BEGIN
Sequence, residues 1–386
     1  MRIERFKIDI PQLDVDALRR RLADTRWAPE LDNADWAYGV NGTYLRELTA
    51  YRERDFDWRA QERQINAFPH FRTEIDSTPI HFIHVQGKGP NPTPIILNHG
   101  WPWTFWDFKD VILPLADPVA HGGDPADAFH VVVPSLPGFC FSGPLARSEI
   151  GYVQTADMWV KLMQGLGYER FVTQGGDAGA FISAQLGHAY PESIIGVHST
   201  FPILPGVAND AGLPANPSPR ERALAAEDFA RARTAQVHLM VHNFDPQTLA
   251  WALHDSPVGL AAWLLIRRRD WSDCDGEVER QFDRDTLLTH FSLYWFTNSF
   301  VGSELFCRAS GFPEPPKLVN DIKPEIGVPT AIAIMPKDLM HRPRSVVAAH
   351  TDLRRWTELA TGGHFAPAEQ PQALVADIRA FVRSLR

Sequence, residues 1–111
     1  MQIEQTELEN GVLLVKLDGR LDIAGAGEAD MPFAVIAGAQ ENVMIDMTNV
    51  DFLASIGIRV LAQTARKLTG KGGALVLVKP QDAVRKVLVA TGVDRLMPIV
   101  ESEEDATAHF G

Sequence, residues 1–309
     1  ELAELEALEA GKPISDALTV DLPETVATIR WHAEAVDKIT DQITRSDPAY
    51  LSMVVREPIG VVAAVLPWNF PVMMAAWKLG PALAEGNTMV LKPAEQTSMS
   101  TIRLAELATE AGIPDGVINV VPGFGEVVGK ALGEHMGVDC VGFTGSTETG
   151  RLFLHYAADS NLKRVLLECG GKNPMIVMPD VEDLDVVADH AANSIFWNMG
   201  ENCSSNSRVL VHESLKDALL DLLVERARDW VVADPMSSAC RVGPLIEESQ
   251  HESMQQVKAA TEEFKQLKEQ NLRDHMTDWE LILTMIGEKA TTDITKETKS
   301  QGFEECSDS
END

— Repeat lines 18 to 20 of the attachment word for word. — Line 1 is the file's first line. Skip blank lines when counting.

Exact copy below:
   151  RLFLHYAADS NLKRVLLECG GKNPMIVMPD VEDLDVVADH AANSIFWNMG
   201  ENCSSNSRVL VHESLKDALL DLLVERARDW VVADPMSSAC RVGPLIEESQ
   251  HESMQQVKAA TEEFKQLKEQ NLRDHMTDWE LILTMIGEKA TTDITKETKS